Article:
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DVD/DeCSS: MPAA Wins In New York 547

Posted by michael
from the good-guys-finish-last dept.
Jim Tyre writes: "Judge Kaplan's ruling is out." The actual judgment is a separate document. Note that the judgment forbids Defendants and anyone acting in concert with them from posting or linking to the DeCSS code.Update: 08/17 07:57 PM by H :Taken from an earlier post: The ruling is availible online. The New York Times has a concise statement concering the case - essentially, the judge rejected the arguement that computer code counts as free speech, and therefore should be protected by the First Amendment. However, it should be noted that this ruling was *expected* by the 2600 folks, as Martin Garbus, one of the lawyers noted. (Garbus, it should be noted, has been before the Supreme Court /19/ times). This will mean that the Appeal will go higher, and that means that if/when the judgement is overturned, it will affect more than just NY, as this would have.

A quote from the conclusion:

VI. Conclusion

In the final analysis, the dispute between these parties is simply put if not necessarily simply resolved.

Plaintiffs have invested huge sums over the years in producing motion pictures in reliance upon a legal framework that, through the law of copyright, has ensured that they will have the exclusive right to copy and distribute those motion pictures for economic gain. They contend that the advent of new technology should not alter this long established structure.

Defendants, on the other hand, are adherents of a movement that believes that information should be available without charge to anyone clever enough to break into the computer systems or data storage media in which it is located. Less radically, they have raised a legitimate concern about the possible impact on traditional fair use of access control measures in the digital era.

Each side is entitled to its views. In our society, however, clashes of competing interests like this are resolved by Congress. For now, at least, Congress has resolved this clash in the DMCA and in plaintiffs? favor. Given the peculiar characteristics of computer programs for circumventing encryption and other access control measures, the DMCA as applied to posting and linking here does not contravene the First Amendment. Accordingly, plaintiffs are entitled to appropriate injunctive and declaratory relief.

SO ORDERED.

Dated: August 17, 2000

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DVD/DeCSS: MPAA Wins in New York

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  • by Anonymous Coward
    There's no reason for copyright except for economic gain.

    No, the reason for copyright is not to enrich authors. The reason for copyright is to provide an incentive to publish works. The public benefit comes from:

    1) The ability to utilize the work during the copyright term (much of copyright law is concerned with what "fair use" is.)

    2) The reversion of the work into the public domain at the end of the copyright term.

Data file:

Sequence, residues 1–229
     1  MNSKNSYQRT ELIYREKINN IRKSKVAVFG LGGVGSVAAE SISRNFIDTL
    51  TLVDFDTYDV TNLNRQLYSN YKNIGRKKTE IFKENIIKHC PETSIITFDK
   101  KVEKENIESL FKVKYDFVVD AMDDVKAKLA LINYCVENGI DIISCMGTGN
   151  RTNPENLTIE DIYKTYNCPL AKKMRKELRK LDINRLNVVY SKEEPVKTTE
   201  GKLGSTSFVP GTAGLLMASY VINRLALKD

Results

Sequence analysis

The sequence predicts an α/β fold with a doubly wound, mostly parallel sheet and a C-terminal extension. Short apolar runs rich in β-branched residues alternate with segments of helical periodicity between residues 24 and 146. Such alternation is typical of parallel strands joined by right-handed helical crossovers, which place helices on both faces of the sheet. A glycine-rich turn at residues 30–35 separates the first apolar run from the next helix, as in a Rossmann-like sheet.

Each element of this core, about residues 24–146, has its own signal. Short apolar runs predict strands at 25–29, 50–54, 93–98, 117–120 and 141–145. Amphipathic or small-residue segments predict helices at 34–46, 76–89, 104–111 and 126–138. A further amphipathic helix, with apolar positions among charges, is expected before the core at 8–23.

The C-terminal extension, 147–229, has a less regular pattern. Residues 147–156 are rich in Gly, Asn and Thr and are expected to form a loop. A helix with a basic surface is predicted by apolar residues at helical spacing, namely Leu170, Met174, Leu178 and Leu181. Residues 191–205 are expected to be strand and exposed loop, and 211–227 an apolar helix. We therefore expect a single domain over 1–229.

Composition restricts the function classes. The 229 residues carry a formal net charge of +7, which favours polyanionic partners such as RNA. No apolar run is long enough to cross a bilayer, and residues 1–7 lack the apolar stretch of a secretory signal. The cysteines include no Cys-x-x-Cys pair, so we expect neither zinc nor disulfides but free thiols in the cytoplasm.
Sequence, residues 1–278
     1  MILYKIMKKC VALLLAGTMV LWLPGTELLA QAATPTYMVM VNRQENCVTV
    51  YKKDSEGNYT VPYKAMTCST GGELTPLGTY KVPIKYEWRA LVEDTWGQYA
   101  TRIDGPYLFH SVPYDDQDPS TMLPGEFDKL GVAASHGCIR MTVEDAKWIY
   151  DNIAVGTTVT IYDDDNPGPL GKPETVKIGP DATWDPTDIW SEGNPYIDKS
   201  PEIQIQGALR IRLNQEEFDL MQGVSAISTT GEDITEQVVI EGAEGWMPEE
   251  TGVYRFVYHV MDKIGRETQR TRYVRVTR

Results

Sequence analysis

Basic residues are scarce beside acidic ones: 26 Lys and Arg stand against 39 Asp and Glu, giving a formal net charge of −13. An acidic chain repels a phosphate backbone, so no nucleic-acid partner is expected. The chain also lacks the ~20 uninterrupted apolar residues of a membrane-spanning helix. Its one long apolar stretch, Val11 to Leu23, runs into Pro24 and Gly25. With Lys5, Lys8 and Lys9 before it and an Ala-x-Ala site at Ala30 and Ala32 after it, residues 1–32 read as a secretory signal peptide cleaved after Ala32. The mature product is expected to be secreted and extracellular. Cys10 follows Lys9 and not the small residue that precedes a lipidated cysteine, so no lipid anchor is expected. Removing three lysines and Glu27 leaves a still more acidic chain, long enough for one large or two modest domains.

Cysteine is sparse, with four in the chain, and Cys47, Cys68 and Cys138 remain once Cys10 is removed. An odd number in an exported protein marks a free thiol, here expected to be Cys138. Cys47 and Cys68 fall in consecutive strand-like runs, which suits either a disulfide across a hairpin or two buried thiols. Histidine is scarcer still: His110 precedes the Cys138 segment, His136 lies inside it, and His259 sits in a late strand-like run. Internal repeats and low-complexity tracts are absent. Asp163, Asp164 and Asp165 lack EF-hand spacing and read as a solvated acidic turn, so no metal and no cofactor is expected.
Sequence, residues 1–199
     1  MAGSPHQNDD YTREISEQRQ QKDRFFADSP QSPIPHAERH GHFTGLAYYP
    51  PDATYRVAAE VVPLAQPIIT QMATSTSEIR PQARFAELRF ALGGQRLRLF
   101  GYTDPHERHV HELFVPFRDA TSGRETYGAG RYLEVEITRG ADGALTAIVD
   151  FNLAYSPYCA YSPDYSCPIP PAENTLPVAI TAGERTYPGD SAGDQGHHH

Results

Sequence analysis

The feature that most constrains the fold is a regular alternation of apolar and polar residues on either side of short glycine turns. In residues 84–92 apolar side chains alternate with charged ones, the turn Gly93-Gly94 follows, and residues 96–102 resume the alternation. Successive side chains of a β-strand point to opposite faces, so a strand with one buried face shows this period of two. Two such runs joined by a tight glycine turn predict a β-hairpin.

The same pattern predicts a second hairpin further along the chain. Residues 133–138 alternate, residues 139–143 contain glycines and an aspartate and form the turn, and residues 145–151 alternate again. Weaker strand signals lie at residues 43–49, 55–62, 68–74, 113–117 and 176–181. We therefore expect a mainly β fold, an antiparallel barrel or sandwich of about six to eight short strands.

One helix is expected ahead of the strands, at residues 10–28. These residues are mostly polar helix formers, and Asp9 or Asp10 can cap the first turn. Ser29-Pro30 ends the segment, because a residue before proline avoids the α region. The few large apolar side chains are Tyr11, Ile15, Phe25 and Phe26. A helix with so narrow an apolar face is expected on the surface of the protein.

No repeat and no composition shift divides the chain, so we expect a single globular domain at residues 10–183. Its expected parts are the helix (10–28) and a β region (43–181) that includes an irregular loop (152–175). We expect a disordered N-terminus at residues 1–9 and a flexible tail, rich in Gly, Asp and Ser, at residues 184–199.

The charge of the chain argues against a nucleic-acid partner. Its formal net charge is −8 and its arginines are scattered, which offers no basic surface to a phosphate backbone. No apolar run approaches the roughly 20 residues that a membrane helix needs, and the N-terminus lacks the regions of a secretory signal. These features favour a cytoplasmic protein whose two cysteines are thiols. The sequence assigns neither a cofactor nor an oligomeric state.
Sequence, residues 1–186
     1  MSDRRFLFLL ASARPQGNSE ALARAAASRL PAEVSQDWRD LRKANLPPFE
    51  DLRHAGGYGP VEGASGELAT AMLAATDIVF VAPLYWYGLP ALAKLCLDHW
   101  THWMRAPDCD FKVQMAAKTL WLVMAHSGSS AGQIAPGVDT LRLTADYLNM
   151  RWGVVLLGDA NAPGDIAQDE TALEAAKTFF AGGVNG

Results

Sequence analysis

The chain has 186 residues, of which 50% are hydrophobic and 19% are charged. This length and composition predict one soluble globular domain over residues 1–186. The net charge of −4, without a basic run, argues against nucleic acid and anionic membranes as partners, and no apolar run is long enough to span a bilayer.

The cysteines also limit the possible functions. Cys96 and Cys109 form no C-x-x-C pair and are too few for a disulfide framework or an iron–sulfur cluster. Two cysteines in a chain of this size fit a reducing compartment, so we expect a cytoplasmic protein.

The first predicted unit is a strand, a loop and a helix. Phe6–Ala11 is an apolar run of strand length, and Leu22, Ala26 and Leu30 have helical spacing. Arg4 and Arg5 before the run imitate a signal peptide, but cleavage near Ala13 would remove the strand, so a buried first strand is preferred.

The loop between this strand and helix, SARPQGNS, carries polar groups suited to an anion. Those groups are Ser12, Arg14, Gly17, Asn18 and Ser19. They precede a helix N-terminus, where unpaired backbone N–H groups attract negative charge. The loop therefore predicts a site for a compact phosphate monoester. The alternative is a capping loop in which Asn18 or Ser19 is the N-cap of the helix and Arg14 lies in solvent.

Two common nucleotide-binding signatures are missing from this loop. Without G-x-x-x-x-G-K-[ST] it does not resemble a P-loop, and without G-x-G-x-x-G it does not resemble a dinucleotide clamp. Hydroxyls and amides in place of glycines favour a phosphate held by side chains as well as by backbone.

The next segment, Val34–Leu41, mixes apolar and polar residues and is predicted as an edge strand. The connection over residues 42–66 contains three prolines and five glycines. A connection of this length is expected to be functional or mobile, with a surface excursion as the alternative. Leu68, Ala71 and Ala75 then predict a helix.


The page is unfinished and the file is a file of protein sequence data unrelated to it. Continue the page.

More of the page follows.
The continuing extension of the copyright terms has rendered (2) meaningless. Clearly, the copyright trust has firm control over Congress, and there is simply nothing we can do about that. They have the most money to spend, and whenever the last term extension is about to run out, you can bet they'll lobby Congress to create a new one.

    The disturbing part of this case is that it has rendered (1) meaningless. Kaplan's ruling essentially allows companies to disregard the entire part of the copyright code that defines fair use, and lets them instead, by the inclusion of pretextual encryption, write their own "copyright laws" in whatever way they want to. You thought you had the right to watch your DVD? As of today, you don't. This decision gives the MPAA the right to dictate the conditions under which you can watch DVDs that you own, on equipment that you also own. That's a right that they never had before.

    So my question is?

    Does copyright have any remaining public benefit?

    If not, then should it be discarded or ignored?
  • * If DeCSS was made for Linux DVD players, then why was the compiled Windows port made and released?

    If Contrex wanted to clone the Sony Playstation entirely, why did their early versions use the Sony BIOS?

    For those who don't recall, the court rules that even though Contrex used Sony copy righted code for devolpment, that is fair use. that is they needed to test parts of their system seperatly (ie the hardware simulation from software), and the only way to do what was with copyrighted code. Legal because they did not sell said code.

    Or to put it simply, deCSS had to be a windows program first because the part to read DVDs in linux was not working. By making it a windows program they can test the relavent part (that which they were working on) without waiting for other code to be debugged.

  • The MPAA has been using the big lie strategy throughout the DeCSS case and the ruling today was the first success. The lie the MPAA has been pushing is that this case is about piracy and it appears they've repeated often it enough to get a District Court judge to believe it.

    To summarize the facts:

    1. DVD content is encrypted
    2. DVD players include the decryption keys necessary to decode an encrypted disc
    3. Decryption is only necessary to view the DVD content
    4. Copying the encrypted data produces a valid DVD
    5. The MPAA has been unable to demonstrate even a single act of piracy using DeCSS despite literally the millions of bootleg DVDs which exist.